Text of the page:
I have a question about waiting… in general. From the examples of the lives of the characters in the Old Testament it can be seen that when someone was in trouble waiting for an answer from the Lord, he left the matter in His hands. And in general the advice to wait in silence and prayer, the answer to your pain, often persists. It is very easy to say, but when the soul is tormented, when you have chronic depression, when you cannot find peace, you always want to return home even if you live at home… you can’t find your God-given place and purpose for you… how can you be patient and wait? Where to get that power… it’s not easy to wait…
I am very sorry for the pain you are having and the circumstances you are in now. Wouldn’t it have been much easier for me to answer your question if I knew what you were expecting and why that expectation torments you so much? However, I would like to look at some biblical examples and see where they came from. At the same time, I want to see what these people did while they waited for the answer.
Let us look at the life of this special woman, the example of whom God has decided to leave to us in the pages of the Holy Scriptures. Reading the text below you may find yourself in the same situation as this woman, about whom the Bible says:
1 Now there was a certain man from Ramathaim-zophim from the hill country of Ephraim, and his name was Elkanah the son of Jeroham, the son of Elihu, the son of Tohu, the son of Zuph, an Ephraimite. 2 He had two wives: the name of one was Hannah and the name of the other Peninnah; and Peninnah had children, but Hannah had no children. 3 Now this man would go up from his city yearly to worship and to sacrifice to the Lord of hosts in Shiloh. And the two sons of Eli, Hophni and Phinehas, were priests to the Lord there. 4 When the day came that Elkanah sacrificed, he would give portions to Peninnah his wife and to all her sons and her daughters; 5 but to Hannah he would give a double portion, for he loved Hannah, but the Lord had closed her womb. 6 Her rival, however, would provoke her bitterly to irritate her, because the Lord had closed her womb. 7 It happened year after year, as often as she went up to the house of the Lord, she would provoke her; so she wept and would not eat. 8 Then Elkanah her husband said to her, “Hannah, why do you weep and why do you not eat and why is your heart sad? Am I not better to you than ten sons?” 9 Then Hannah rose after eating and drinking in Shiloh. Now Eli the priest was sitting on the seat by the doorpost of the temple of the Lord. 10 She, greatly distressed, prayed to the Lord and wept bitterly. 11 She made a vow and said, “O Lord of hosts, if You will indeed look on the affliction of Your maidservant and remember me, and not forget Your maidservant, but will give Your maidservant a son, then I will give him to the Lord all the days of his life, and a razor shall never come on his head.” 12 Now it came about, as she continued praying before the Lord, that Eli was watching her mouth. 13 As for Hannah, she was speaking in her heart, only her lips were moving, but her voice was not heard. So Eli thought she was drunk. 14 Then Eli said to her, “How long will you make yourself drunk? Put away your wine from you.” 15 But Hannah replied, “No, my lord, I am a woman oppressed in spirit; I have drunk neither wine nor strong drink, but I have poured out my soul before the Lord. 16 Do not consider your maidservant as a worthless woman, for I have spoken until now out of my great concern and provocation.” 17 Then Eli answered and said, “Go in peace; and may the God of Israel grant your petition that you have asked of Him.” 18 She said, “Let your maidservant find favor in your sight.” So the woman went her way and ate, and her face was no longer sad. 19 Then they arose early in the morning and worshiped before the Lord, and returned again to their house in Ramah. And Elkanah had relations with Hannah his wife, and the Lord remembered her. 20 It came about in due time, after Hannah had conceived, that she gave birth to a son; and she named him Samuel, saying, “Because I have asked him of the Lord.” (1 Samuel 1:1-20 NASB)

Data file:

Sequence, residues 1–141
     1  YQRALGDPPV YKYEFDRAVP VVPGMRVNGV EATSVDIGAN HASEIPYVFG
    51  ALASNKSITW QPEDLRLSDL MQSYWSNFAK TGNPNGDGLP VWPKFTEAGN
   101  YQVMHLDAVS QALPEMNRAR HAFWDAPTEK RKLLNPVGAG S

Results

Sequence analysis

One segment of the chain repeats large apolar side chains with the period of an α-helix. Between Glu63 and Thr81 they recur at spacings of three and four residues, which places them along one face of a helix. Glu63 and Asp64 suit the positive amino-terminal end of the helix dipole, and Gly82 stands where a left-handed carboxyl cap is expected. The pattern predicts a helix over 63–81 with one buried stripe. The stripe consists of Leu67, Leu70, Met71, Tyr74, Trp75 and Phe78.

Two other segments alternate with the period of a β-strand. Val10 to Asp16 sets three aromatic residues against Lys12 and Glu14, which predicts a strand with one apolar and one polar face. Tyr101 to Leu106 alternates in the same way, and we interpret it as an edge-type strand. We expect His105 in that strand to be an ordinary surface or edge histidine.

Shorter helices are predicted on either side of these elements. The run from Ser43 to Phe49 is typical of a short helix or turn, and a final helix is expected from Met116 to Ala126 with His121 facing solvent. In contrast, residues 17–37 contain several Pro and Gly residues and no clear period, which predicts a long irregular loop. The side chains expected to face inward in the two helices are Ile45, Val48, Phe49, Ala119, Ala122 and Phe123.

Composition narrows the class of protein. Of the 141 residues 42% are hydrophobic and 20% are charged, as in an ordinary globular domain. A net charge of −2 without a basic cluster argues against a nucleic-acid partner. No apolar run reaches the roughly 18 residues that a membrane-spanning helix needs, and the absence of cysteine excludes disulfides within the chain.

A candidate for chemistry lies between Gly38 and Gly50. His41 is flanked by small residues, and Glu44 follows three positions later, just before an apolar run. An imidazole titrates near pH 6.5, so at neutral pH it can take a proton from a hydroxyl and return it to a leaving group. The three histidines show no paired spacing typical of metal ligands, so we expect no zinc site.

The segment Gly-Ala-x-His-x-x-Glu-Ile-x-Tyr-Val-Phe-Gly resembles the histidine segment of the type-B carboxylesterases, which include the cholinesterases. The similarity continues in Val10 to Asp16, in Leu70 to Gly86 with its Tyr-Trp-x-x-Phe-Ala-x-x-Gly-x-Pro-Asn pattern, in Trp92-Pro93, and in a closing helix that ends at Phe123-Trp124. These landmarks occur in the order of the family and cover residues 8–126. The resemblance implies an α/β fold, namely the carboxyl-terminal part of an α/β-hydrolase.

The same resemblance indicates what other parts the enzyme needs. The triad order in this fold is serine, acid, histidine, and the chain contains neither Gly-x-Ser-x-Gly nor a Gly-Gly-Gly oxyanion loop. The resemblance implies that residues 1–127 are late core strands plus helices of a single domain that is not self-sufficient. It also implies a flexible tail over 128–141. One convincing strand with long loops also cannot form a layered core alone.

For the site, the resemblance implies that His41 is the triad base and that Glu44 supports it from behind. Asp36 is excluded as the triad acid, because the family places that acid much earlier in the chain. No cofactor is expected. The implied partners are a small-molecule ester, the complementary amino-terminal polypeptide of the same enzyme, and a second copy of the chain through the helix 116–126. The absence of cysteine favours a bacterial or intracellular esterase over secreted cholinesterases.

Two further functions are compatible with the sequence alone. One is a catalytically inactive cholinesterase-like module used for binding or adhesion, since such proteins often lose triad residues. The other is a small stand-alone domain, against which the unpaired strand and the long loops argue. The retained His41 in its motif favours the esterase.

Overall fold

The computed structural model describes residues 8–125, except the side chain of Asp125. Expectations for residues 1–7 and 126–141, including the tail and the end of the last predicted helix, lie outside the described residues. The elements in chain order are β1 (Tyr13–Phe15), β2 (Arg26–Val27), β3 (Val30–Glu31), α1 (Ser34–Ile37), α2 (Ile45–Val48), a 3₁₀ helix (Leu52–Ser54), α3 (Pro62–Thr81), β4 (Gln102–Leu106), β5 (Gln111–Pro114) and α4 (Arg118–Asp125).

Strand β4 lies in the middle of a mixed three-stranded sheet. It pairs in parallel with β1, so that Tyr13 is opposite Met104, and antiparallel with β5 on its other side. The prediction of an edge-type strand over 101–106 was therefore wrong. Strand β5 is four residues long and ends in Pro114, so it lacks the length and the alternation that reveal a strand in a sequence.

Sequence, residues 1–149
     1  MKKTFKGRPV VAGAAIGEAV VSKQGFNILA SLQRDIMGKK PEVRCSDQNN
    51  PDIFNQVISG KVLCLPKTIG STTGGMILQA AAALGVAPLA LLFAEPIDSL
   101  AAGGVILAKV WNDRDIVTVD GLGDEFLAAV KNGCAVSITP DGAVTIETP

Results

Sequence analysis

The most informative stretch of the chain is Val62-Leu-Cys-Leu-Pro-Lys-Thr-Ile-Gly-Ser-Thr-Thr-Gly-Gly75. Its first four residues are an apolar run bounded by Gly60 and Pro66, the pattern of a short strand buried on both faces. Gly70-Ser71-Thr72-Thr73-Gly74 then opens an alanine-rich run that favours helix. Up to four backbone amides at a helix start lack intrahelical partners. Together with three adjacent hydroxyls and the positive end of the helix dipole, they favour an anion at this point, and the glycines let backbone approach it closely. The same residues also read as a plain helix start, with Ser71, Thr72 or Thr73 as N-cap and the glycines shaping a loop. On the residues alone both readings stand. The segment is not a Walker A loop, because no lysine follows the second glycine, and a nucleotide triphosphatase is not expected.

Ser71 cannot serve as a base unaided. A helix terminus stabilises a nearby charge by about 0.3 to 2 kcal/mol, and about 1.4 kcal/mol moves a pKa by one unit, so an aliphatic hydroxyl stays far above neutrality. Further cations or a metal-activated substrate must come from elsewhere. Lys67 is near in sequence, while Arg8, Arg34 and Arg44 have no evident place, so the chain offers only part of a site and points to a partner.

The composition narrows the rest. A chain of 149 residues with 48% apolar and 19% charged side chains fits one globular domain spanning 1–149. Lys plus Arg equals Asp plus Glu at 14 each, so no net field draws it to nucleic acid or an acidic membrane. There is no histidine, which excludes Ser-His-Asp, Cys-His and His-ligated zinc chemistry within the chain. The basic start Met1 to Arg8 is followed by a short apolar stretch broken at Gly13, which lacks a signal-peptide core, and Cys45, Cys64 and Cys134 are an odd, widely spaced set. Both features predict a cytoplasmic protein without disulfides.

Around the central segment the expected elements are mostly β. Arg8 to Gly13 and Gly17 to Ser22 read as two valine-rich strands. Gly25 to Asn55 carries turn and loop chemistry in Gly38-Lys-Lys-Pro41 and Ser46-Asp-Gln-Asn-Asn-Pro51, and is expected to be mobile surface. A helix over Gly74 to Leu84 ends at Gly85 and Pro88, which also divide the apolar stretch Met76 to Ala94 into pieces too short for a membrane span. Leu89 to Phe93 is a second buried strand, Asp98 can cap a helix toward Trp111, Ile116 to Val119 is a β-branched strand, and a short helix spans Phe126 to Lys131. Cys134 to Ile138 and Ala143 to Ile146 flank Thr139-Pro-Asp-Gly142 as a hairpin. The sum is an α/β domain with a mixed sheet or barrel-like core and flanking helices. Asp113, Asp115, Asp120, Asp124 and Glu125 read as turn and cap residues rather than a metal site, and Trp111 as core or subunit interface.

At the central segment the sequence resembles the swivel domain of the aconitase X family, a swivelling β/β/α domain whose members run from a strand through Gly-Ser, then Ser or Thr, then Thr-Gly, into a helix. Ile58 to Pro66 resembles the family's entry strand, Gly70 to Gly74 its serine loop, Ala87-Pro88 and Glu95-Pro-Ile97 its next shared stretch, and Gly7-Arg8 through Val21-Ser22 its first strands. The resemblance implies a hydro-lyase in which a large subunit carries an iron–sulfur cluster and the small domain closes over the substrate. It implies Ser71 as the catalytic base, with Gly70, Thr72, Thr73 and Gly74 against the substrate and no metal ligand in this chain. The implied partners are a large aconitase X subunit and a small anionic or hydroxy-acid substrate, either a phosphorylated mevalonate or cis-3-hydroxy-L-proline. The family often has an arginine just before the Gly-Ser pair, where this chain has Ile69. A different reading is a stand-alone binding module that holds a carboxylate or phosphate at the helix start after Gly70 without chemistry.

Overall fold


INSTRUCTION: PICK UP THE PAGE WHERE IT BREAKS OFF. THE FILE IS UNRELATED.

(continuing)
I have especially emphasized some of the words that describe this woman’s pain. Hannah was tormented and pressed for a long time. She longed for a child, but for many years God did not give her children. However, if you read carefully, you could see that Hannah’s expectation was not passive, but active. Verse 7 shows us that this pain of hers persisted for many years in a row. But every year Hannah came to the temple, offered sacrifices, and prayed to the Lord. The Bible says that this woman not only prayed, but (verse 15) poured out her soul before the Lord. She longed for a child, and instead of sitting and crying for mercy at home, she knew from whom to ask. And she insisted on her request “until the Lord remembered her” (19). After many years, God comforted Hannah’s heart and gave her a son, who became a comfort to all the people of Israel. Samuel, the son of Hannah, became a prophet in Israel, and God transmitted His Word for many years in a row through this man. Hannah’s wait was not in vain. The longer the wait, the greater the consolation and joy when she received the answer from the Lord. However, Hannah is not the only example we have in the Scriptures. Let’s look now at…
The woman sick for 12 years
The Bible says that:
And there came a man named Jairus, and he was an official of the synagogue; and he fell at Jesus’ feet, and began to implore Him to come to his house; for he had an only daughter, about twelve years old, and she was dying. But as He went, the crowds were pressing against Him. And a woman who had a hemorrhage for twelve years, and could not be healed by anyone, came up behind Him and touched the fringe of His cloak, and immediately her hemorrhage stopped. And Jesus said, “Who is the one who touched Me?” And while they were all denying it, Peter said, “Master, the people are crowding and pressing in on You.” But Jesus said, “Someone did touch Me, for I was aware that power had gone out of Me.” When the woman saw that she had not escaped notice, she came trembling and fell down before Him, and declared in the presence of all the people the reason why she had touched Him, and how she had been immediately healed. And He said to her, “Daughter, your faith has made you well; go in peace.” (Luke 8:41-48 NASB)